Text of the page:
Opposition leader and former prime minister Yair Lapid said Monday he has urged President Isaac Herzog to set up a commission to come up with a “balanced” judicial reform — as opposed to the government’s planned radical overhaul — and that the president is considering the idea.
Herzog confirmed talking with Lapid as part of his ongoing efforts to avert “a historic constitutional crisis” over the coalition’s proposals, which would dramatically limit the powers of the judiciary and place almost all power in the hands of the political majority.
Speaking at a meeting of his Yesh Atid faction in the Knesset, Lapid said he had “proposed to President Herzog that he form a presidential committee to offer a balanced and reasonable recommendation to improve the judicial system and find the proper balance between the legislative and judicial branches.”
Lapid said Herzog was “considering the proposal” and that he expected such a panel would be established. “I hope and believe the committee will be formed and will prevent the destruction of our democracy and the terrible division among the people of Israel,” Lapid said.
In a statement confirming his interactions with Lapid and others, Herzog’s office added: “The president continues his ceaseless efforts with all relevant actors in a bid to create a wide-ranging respectful dialogue in the hope of reaching a broad understanding.”
As presented by Justice Minister Yariv Levin, the coalition’s proposals would severely restrict the High Court’s capacity to strike down laws and government decisions, with an “override clause” enabling the Knesset to re-legislate struck-down laws with a bare majority of 61; give the government complete control over the selection of judges; prevent the court from using a test of “reasonableness” to judge legislation and government decisions; and allow ministers to appoint their own legal advisers, instead of getting counsel from advisers operating under the aegis of the Justice Ministry.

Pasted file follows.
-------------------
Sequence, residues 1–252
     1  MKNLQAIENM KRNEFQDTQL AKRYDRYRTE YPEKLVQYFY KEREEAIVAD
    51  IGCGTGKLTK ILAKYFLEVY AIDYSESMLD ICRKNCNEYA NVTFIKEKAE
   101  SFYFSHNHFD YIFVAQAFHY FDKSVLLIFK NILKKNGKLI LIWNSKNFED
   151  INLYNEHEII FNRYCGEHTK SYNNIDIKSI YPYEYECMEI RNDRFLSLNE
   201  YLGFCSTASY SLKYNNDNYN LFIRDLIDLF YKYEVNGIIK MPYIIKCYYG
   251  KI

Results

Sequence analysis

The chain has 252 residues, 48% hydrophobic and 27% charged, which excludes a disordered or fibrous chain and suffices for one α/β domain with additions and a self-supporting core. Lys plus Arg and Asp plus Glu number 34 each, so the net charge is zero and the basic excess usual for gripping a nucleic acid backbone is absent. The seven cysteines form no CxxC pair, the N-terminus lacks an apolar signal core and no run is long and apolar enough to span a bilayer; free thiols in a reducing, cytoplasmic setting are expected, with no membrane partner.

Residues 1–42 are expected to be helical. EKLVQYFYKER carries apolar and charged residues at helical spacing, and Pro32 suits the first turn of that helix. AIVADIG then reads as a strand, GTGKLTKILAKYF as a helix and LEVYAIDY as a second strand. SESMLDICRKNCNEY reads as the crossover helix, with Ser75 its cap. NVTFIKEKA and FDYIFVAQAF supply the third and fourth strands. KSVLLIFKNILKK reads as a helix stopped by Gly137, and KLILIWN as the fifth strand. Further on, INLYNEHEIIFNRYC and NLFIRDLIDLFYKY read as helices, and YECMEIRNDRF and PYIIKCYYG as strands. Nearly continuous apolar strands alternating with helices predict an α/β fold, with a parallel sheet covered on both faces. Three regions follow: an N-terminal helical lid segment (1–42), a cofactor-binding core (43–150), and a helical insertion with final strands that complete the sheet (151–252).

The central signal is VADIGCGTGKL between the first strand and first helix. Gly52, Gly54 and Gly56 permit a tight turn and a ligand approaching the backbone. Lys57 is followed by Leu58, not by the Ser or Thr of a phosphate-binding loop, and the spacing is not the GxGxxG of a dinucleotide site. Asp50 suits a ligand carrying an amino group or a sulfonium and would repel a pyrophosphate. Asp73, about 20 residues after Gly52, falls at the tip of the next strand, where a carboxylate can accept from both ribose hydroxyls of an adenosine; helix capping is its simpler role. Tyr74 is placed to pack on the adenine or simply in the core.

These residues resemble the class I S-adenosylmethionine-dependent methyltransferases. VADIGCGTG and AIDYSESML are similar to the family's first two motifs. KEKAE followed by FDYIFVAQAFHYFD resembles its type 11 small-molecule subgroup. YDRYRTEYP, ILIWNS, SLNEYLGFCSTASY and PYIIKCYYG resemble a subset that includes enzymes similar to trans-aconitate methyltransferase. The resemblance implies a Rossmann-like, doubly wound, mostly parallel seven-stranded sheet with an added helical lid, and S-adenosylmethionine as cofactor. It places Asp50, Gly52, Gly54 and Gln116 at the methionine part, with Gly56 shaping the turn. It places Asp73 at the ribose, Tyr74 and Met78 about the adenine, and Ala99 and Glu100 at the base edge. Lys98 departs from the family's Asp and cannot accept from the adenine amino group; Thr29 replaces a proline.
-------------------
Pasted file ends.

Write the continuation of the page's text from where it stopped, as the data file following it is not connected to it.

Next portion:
Lapid’s initiative drew some criticism from fellow members of the opposition.
Labor chairwoman Merav Michaeli slammed Lapid for what she said was a concession to Netanyahu and his government’s planned reforms.
“Making offers to Netanyahu, be it directly or indirectly through a mediator, is caving in,” she said.
Yisrael Beytenu chairman Avigdor Liberman said that “there is no room for compromise on the issue.”
Lapid, in turn, defended his actions by denying any attempt at reaching a compromise with the coalition. He said his initiative was about forming a committee that would distance the government from the issue.
The government is said to be seeking to push the changes through the Knesset and into law in the next two months. Levin has called the proposals “the first stage” of his planned reforms; further changes with additional ramifications would reportedly be enacted at a later stage.